CHP provides a large potential for increasing efficiency of electricity-production and reduction of emissions of CO2. Meeting the indicative EU-15 target of doubling the share of CHP in gross electricity production from 1994 to 2010 could lead to avoided CO2 emissions of over 65 Mt CO2/year by 2010. The potential at refineries in the Dutch port or Rotterdam equals app. 5 Mt CO2/year (see EN20).
Although overall improvements in electricity generation efficiency have been seen over the period 1990 to 2005, a marginal stagnation in the late 1990s and a decline in efficiency has been observed in 2002. This has been due primarily to an increased utilisation of existing lower efficiency coal plant (see EN-27 for more details). In the following years the efficiency increased due to an increasing share of gas.
It should also be noted that positive impacts on the environment overall, due to reduced emissions, from increased efficiency in electricity production may be offset by the high rate of increase in electricity consumption, which is growing at an average rate of 1.7 % per year (see EN18), especially considering that over half of this electricity (53.6 % in 2005) is produced from coal, gas and oil (see EN27)1. There is also a potential tension between environmental legislation (for example the Large Combustion Plant Directive 2001/80/EC) requiring the reduction of other air pollutants such as SO2, whereby retrofitting flue-gas desulphurisation technology incurs an energy penalty thus reducing overall efficiency. However, future coal technologies such as IGCC (Integrated Gasification Combined Cycle) can operate at higher efficiencies and also allow the sulphur, nitrogen compounds and particles to be removed prior to combustion (OECD, 2005).
At the beginning of the 1990s, the electricity sectors of the new EU Member States were characterised by low efficiencies of production mainly due to obsolete plant technology. However, in the second half of the 1990s investments were made to improve the performance of existing plants. Another significant trend was a switch from coal to gas in new and reconstructed fossil fuelled heat and power plants. This also contributed to an increase in generating efficiency due to the higher efficiency of gas combined cycle technologies. The growth in the use of gas has been supported by environmental regulation, government support (as high-efficiency electricity production from gas is seen as a low-pollution option) and programmes to finance enlargement of the gas networks.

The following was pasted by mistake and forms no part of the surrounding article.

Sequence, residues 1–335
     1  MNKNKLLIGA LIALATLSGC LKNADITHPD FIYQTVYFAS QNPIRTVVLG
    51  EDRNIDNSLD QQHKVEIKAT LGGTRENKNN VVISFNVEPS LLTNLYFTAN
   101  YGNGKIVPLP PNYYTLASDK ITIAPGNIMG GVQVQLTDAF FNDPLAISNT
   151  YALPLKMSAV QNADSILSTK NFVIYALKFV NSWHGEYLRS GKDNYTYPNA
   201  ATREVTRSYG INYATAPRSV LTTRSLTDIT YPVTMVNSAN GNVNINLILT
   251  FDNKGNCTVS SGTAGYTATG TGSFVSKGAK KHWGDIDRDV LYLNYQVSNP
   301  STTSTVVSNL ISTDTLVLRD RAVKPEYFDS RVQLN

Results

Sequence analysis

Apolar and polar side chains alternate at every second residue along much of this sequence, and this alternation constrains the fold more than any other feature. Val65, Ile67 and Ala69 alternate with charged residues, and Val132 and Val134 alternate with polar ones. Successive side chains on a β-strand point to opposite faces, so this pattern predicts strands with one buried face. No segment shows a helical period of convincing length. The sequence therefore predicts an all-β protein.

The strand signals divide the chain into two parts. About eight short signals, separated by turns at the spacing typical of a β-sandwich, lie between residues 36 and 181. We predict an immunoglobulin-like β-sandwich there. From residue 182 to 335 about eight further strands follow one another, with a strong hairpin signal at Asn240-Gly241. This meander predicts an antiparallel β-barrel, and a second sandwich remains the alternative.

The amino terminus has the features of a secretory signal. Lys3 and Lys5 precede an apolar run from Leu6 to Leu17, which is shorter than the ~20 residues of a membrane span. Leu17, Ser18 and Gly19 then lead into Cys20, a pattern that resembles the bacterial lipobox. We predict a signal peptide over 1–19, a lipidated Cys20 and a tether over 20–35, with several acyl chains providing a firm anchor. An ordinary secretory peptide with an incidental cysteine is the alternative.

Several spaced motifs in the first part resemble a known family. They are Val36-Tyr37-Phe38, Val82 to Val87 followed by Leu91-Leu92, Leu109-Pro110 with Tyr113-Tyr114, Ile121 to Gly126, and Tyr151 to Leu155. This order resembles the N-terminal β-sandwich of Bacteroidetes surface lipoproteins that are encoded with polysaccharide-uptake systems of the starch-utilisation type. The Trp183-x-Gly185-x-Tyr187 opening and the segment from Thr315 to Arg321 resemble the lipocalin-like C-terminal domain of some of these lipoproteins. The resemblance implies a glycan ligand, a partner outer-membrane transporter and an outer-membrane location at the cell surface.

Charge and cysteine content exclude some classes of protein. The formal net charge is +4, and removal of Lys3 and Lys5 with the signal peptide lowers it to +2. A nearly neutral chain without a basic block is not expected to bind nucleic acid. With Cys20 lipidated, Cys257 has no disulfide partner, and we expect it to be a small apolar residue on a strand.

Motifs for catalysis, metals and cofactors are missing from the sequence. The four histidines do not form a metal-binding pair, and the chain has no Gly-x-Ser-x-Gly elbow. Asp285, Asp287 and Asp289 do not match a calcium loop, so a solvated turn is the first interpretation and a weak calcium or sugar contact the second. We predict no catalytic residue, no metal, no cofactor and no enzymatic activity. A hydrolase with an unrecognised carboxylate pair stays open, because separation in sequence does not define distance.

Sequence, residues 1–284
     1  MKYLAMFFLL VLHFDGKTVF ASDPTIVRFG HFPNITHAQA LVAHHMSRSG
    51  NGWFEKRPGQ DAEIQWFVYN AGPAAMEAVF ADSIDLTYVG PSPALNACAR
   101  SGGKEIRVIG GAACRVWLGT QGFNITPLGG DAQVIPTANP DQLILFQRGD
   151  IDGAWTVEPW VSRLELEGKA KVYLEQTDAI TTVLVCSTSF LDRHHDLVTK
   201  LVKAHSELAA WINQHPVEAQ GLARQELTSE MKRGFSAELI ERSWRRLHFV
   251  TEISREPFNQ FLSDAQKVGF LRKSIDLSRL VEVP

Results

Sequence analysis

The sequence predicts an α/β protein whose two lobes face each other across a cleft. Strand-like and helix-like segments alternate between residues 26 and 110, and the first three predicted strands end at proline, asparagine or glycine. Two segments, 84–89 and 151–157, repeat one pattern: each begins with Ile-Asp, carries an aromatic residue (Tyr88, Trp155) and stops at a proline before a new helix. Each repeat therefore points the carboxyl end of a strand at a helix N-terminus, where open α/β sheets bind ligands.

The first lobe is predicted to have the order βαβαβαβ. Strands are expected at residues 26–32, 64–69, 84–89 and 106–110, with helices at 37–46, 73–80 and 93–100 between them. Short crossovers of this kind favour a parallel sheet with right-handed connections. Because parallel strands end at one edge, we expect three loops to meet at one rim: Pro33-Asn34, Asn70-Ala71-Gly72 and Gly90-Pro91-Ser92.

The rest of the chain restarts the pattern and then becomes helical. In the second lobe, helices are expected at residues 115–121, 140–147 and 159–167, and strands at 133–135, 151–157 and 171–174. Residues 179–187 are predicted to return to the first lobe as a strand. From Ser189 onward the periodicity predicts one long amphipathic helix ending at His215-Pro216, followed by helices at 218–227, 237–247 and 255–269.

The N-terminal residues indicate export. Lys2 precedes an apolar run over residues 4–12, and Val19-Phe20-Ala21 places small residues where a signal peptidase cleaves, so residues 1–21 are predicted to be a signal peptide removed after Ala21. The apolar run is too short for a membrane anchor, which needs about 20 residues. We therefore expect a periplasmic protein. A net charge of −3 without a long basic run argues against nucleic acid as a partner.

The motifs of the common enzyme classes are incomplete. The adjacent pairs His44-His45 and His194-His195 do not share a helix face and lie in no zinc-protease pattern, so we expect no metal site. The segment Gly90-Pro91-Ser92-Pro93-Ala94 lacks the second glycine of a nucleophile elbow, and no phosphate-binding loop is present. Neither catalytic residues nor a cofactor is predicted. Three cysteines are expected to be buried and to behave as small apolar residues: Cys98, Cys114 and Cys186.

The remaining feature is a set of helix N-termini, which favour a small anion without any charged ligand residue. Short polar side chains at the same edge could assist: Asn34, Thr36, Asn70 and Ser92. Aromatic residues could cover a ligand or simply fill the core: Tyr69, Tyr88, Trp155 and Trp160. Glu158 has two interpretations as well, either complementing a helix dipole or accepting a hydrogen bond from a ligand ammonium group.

The greatest efficiency improvements in both electricity and electricity and heat production occurred in Luxembourg (construction of a new CCGT) and in Cyprus (new more efficient plant). Significant decreases in the efficiency of electricity production were seen in the Czech Republic between 1990 and 2005, but closer examination of the trend shows a sharp fall in efficiencies in the early 1990s during the period of economic collapse due to low utilisation of plants, followed by relatively constant efficiencies in more recent years.
Efficiencies of fossil-fired electricity and heat production in different countries have been compared in a recent study (Ecofys, 2007). It appears that efficiencies in European countries (France, UK, Ireland, Nordic countries and Germany) are higher than the world-wide average. When the worldwide average is set at 100%, efficiencies in India and China are typically 15 - 19 % lower than those in the investigated European countries. The efficiencies in the USA are 1% below the average level.
The trend in increasing efficiency is expected to continue into the future, as new more efficient technologies are introduced, in particular with the increased market penetration of combined cycle gas turbine technologies, and following the closure of older less efficient plants.